What is an “open records request”? Is that the same as “a request for public information”?
Requests for public information, also known as open records requests, are simply requests for information that has been “collected, assembled, or maintained” by or for a governmental body. Texas Gov't Code, §552.002.
How do I obtain public information?
A requestor may send a request by mail, e-mail, fax, or deliver it in person.
Harris County Department of Education
Attn.: Tammy W. Lanier, Director of Communications and Public Information
Public Information Officer
6300 Irvington Blvd.
Houston, TX 77022-5618
How must I phrase my request? Is there a special form that I must use?
The request does not have to cite a specific law or statute, nor does it have to be on a special form. However, requests need to be specific. Overly broad requests are difficult, time consuming and could end up costly. A request may be typed or handwritten; however, it must contain enough description to identify the information requested, the requestor's name, and a means to communicate with said requestor (i.e.: address, telephone number, etc.). Additionally, an open records request must be for information that is in existence at the time of the request.
Must I accept copies or may I inspect the information?
The law authorizes a requestor to obtain copies, inspect the records, or both. Even when a request is for copies, the requestor must be informed that a less expensive way of obtaining the information is to inspect it. If a requestor wishes to inspect information, a mutually agreed upon time and date will be set for the inspection. Failure to keep the appointment may mean that the requestor will have to wait longer to inspect the information. Understand that requestors will not be left alone with original documents.
How much will I be charged? Will I be notified in advance?
HCDE charges for copies of open records. Requestors will be notified in advance, and in writing, if a request is estimated to be over $40. Texas Gov't Code §552.2615.
The written notification will contain the following:
• An itemized statement of estimated charges;
• A statement advising the requestor that there is a less expensive alternative, such as inspecting the records;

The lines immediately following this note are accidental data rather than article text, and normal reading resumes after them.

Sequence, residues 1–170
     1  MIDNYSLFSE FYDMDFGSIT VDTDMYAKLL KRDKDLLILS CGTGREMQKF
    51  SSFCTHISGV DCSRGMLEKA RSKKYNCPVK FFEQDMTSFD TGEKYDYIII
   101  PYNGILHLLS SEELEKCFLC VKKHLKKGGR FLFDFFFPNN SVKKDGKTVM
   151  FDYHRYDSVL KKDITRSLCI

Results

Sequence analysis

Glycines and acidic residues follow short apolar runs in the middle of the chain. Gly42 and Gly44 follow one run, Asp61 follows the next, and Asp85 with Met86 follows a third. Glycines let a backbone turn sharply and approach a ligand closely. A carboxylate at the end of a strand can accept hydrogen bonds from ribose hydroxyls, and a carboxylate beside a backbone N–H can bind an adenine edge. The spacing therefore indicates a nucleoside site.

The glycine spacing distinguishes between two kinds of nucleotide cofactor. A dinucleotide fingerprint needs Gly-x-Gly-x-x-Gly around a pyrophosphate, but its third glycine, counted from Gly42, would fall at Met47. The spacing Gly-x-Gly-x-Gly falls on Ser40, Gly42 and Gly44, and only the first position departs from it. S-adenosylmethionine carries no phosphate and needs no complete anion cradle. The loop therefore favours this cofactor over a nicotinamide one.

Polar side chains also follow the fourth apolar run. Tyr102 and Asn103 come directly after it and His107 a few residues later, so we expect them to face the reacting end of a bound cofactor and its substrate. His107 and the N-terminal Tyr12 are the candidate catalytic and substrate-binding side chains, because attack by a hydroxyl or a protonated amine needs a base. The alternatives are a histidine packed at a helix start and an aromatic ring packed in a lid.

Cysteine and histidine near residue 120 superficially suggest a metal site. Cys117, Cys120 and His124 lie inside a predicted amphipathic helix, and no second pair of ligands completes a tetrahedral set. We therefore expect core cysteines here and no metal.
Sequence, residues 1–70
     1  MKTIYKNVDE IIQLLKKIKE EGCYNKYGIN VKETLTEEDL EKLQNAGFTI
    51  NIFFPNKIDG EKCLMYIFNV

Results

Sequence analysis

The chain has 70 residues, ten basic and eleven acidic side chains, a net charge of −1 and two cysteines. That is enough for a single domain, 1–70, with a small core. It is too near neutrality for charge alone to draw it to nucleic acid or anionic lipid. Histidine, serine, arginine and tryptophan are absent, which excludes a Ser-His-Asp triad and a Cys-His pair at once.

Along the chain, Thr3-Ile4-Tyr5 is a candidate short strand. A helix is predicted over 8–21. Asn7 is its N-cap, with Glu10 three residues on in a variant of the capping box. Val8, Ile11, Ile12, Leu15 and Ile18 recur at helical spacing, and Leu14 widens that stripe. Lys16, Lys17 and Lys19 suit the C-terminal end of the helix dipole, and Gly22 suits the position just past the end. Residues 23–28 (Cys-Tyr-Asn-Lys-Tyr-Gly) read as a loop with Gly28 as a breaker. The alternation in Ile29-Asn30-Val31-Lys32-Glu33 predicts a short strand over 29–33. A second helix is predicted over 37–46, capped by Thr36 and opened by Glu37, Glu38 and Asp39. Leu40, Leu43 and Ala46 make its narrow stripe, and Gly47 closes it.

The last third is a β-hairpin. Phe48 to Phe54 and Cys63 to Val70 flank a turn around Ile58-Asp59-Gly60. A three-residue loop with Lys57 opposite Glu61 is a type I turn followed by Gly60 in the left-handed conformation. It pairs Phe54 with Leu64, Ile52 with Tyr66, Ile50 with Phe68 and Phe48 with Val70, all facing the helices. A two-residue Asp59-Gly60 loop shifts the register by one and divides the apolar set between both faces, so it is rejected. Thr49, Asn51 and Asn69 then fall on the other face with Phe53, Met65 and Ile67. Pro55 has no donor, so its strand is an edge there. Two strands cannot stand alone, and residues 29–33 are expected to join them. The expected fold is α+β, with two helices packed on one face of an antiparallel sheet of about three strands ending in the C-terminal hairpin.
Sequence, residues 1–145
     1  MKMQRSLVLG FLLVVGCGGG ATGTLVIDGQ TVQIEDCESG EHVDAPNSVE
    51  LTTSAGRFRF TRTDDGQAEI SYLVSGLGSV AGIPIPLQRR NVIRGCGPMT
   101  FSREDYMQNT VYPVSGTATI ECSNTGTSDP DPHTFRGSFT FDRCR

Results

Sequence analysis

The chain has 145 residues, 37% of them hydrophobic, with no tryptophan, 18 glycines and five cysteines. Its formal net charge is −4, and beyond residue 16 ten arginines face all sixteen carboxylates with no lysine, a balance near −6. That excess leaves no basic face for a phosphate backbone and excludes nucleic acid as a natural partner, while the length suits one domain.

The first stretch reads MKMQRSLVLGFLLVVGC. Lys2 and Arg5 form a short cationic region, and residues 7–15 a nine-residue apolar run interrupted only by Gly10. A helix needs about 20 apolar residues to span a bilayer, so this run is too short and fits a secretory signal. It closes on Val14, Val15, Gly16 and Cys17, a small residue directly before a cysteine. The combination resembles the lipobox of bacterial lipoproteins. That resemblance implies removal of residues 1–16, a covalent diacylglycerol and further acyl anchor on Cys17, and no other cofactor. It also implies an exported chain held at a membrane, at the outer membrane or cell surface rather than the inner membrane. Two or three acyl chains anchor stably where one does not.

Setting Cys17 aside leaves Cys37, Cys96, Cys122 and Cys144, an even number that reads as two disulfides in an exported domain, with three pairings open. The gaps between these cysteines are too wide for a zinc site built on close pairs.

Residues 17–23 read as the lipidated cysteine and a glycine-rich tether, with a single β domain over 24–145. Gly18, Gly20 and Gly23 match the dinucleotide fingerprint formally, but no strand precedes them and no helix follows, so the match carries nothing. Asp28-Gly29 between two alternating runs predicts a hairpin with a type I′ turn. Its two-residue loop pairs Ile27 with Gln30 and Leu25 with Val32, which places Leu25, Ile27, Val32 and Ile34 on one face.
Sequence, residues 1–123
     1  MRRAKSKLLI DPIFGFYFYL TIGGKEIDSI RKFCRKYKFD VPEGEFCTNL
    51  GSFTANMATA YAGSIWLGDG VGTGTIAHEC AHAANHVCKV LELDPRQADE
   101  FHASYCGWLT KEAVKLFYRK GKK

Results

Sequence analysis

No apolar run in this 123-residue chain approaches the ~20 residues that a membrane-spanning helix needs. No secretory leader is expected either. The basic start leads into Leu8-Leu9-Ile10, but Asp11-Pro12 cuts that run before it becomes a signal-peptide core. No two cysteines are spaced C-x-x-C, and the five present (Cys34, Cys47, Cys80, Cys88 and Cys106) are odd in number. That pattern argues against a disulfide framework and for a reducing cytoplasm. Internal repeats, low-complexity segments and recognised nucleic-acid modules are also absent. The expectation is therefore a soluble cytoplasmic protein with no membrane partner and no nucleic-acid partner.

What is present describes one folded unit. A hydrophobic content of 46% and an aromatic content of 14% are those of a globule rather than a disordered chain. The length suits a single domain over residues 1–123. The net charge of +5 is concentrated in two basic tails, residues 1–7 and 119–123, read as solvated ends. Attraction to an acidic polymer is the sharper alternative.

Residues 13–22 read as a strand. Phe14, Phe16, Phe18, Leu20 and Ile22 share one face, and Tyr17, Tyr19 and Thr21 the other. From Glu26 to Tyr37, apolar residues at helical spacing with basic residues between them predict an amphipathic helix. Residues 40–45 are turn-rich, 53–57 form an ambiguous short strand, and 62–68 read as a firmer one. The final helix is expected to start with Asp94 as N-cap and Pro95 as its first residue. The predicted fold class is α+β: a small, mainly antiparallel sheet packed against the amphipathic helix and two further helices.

• A choice to accept the charges (which must be signed and dated) or an opportunity to modify the request; and
• A statement advising the requestor that if no answer is received within 10 calendar days from the date of the letter, the request will be considered automatically withdrawn by operation of the law.
Additionally, the notification may contain a statement advising the request that a deposit may be required if the estimated charges are more than $100. Texas Gov't Code §552.263. If charges are less than $40, the requestor is advised of charges by phone, and the copies are sent after payment is received.
Charges for Public Information
What happens if I accept the charges and then refuse to pay?
Once the requestor accepts the charges, they are considered accrued and the requestor is responsible for payment. If accepted charges remain unpaid and their aggregate amount is more than $100, additional requests will not be honored until the outstanding debt is retired. The same conditions apply to a requestor that accepts the charges, but does not pick up the information.
Will I get all the information that I want?
HCDE believes in open government and strives to fulfill all open records requests. Requests are processed in the order received, so requestors should allow time for processing requests. HCDE has no obligation to process one request ahead of another. Every request is important.
There may be occasions in which information may fall under one of the exceptions allowed in the law. In such cases, HCDE will release the information that does not fall under any of the exceptions, and will send the excepted information to the Office of the Attorney General (OAG) for an opinion on its disclosure within 10 business days of receiving the request. Once the OAG has rendered an opinion, HCDE will comply with it.
How long will I have to wait for the information?
Information that does not fall under an exception, and is not voluminous, is released usually within 10 working days. Voluminous information, archived information, or information that requires a program to be written, may require more time. In such cases, the requestor is notified that more time is needed, and a firm date and time for release are set.